One week to the day after Los Angeles sweltered in record triple-digit heat, it's in the 60s with a light drizzle in a residential cul-de-sac in the San Fernando Valley suburb of Encino.
In production is NBC's new Wednesday crime drama "Law & Order: Los Angeles," the latest incarnation of the venerable cops-and-prosecutors franchise. The script for the scene being filmed says a character looks "up and down the sun-blasted street" -- which probably seemed a reasonable assumption when it was written.
Despite the damp, the crew readies for the big shot of the day -- a fireball from an exploding meth lab that will engulf a vehicle in a driveway.
"We're in a residential neighborhood," says veteran producer Christopher Misiano ("Eli Stone," "The West Wing," "ER"), "so that brings with it parameters in terms of permitting. We had to figure out how we could do most of the explosion in this location but generate the first beat of it elsewhere."
Basically, that means the actual explosion -- which would be quite loud and dangerous -- is not being done on the street, but the resulting fireball is. On hand are real Los Angeles firefighters and EMTs, who not only oversee the safety of the stunt but also will play themselves in the scene depicting the fireball's aftermath.
Much of the conversation when the show premiered in late September was about whether it could live up to the original, which was set in New York -- Manhattan, in particular.
Today's scene could probably not have been done on the original "Law & Order."
"That would be kind of hard to hide," says Corey Stoll, a native New Yorker who plays Detective Tomas "TJ" Jarusalski, "a meth lab in Manhattan."
Skeet Ulrich, who plays Jarusalski's partner, Detective Rex Winters, arrives on set, and Stoll -- who is bald -- admires the wave in the front of his hair.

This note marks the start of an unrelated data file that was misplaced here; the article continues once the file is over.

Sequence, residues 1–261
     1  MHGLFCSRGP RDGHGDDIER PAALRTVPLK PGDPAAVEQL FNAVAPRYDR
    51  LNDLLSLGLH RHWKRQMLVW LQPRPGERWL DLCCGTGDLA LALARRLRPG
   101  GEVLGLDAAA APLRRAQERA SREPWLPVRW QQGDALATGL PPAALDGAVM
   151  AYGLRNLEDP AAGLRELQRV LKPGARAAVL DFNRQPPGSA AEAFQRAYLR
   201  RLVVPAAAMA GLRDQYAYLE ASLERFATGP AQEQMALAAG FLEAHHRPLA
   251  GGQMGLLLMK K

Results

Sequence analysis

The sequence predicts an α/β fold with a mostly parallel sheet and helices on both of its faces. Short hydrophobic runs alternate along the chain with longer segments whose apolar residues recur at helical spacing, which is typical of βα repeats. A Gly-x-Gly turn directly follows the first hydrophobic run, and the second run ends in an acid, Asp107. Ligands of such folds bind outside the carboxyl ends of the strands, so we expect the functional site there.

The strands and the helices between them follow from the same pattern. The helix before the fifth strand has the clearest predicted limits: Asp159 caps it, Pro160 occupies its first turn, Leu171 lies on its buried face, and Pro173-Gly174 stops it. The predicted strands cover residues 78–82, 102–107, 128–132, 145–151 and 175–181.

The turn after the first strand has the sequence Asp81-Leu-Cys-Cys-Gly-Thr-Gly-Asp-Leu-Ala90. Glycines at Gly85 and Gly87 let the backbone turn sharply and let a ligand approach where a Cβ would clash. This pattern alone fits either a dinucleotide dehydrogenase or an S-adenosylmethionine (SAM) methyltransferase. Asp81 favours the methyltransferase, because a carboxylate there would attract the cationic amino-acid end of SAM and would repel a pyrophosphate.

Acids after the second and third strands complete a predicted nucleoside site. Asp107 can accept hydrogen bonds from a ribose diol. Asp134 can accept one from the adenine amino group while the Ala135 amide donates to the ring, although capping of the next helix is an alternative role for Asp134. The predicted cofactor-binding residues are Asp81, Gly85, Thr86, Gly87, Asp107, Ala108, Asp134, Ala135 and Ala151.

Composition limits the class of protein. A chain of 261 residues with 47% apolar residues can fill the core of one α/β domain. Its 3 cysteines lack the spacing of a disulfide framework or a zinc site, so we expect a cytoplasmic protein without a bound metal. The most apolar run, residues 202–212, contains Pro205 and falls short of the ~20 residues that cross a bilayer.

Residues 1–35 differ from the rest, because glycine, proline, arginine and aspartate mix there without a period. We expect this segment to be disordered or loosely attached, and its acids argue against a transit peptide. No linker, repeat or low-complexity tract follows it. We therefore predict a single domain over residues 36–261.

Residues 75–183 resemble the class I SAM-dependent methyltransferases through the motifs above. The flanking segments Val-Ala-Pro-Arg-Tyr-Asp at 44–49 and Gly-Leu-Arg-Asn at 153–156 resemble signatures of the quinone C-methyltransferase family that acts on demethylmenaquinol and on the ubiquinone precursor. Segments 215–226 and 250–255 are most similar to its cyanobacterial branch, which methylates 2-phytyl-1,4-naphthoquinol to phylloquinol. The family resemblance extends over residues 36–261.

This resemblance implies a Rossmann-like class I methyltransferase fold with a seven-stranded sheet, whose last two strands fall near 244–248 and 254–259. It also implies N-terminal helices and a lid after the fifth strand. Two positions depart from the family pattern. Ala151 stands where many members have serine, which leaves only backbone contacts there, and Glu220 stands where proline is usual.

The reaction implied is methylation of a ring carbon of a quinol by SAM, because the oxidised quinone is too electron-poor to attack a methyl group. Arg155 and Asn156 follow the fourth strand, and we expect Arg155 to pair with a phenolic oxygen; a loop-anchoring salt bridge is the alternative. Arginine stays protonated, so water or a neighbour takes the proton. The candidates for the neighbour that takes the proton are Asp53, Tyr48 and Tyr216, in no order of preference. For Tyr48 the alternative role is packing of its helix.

"Doesn't it look great?" Stoll says. "It looks like one of those Japanese woodblock prints of the ocean."Ulrich bursts out laughing.
"Awesome, awesome," he says. "I'm not sure what that rivals or beats, but I'll take it."
"It beats me," says Stoll, briefly doffing his plaid cap. "I get to show up 15 minutes later than him."
"It's going to be the hot Halloween costume," Ulrich says, "the bald cap and the mustache."
On this particular day, only the first episode of the series has aired. So while Ulrich has gotten to meet several members of local law enforcement on set -- the uniformed officers seen in the episodes are often the real thing -- they haven't had a chance to see much of the show.
Ulrich already got pulled over by the LAPD before the show aired, while he was shooting scenes for a crossover episode with "Law & Order: Special Victims Unit." Executive producer Dick Wolf oversees the whole franchise, and Ulrich was holding his cell phone and talking to him while driving -- a no-no in Los Angeles.
"I didn't tell (the officer) who I was," recalls Ulrich, "but I told him we were doing 'Law & Order: Los Angeles,' and that I was talking to Dick. He was, like, 'Where's your license?' To get to my license, I had to remove five or six detectives' cards that I've met -- and he didn't care. Did not care."
After much preparation and a lengthy safety briefing, it's now time for the fireball. It goes off spectacularly without a hitch, turning the unfortunate vehicle into a smoking, charred husk. Unlike the crew and cast's friends and family -- who will get to see one of the many cell phone videos shot -- you'll have to wait to see it on television.